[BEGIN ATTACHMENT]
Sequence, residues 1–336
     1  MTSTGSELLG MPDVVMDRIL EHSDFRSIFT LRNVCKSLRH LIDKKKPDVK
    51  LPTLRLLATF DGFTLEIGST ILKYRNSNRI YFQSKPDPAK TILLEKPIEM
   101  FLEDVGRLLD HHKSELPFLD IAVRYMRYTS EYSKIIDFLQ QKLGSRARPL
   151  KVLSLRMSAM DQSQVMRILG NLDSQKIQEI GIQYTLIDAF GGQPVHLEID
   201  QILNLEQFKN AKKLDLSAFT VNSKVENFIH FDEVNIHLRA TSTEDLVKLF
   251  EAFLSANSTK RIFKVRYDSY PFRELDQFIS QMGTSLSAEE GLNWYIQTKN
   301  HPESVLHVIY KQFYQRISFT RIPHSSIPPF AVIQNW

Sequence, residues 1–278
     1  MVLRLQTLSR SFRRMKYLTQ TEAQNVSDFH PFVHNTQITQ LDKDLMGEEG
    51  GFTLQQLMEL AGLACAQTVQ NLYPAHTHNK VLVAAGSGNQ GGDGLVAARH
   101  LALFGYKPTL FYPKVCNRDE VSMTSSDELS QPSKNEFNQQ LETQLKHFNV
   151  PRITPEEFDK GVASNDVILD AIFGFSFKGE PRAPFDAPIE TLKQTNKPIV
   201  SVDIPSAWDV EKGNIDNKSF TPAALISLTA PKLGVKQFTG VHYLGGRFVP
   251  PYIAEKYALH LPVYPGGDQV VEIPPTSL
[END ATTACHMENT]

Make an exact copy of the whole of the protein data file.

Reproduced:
Sequence, residues 1–336
     1  MTSTGSELLG MPDVVMDRIL EHSDFRSIFT LRNVCKSLRH LIDKKKPDVK
    51  LPTLRLLATF DGFTLEIGST ILKYRNSNRI YFQSKPDPAK TILLEKPIEM
   101  FLEDVGRLLD HHKSELPFLD IAVRYMRYTS EYSKIIDFLQ QKLGSRARPL
   151  KVLSLRMSAM DQSQVMRILG NLDSQKIQEI GIQYTLIDAF GGQPVHLEID
   201  QILNLEQFKN AKKLDLSAFT VNSKVENFIH FDEVNIHLRA TSTEDLVKLF
   251  EAFLSANSTK RIFKVRYDSY PFRELDQFIS QMGTSLSAEE GLNWYIQTKN
   301  HPESVLHVIY KQFYQRISFT RIPHSSIPPF AVIQNW

Sequence, residues 1–278
     1  MVLRLQTLSR SFRRMKYLTQ TEAQNVSDFH PFVHNTQITQ LDKDLMGEEG
    51  GFTLQQLMEL AGLACAQTVQ NLYPAHTHNK VLVAAGSGNQ GGDGLVAARH
   101  LALFGYKPTL FYPKVCNRDE VSMTSSDELS QPSKNEFNQQ LETQLKHFNV
   151  PRITPEEFDK GVASNDVILD AIFGFSFKGE PRAPFDAPIE TLKQTNKPIV
   201  SVDIPSAWDV EKGNIDNKSF TPAALISLTA PKLGVKQFTG VHYLGGRFVP
   251  PYIAEKYALH LPVYPGGDQV VEIPPTSL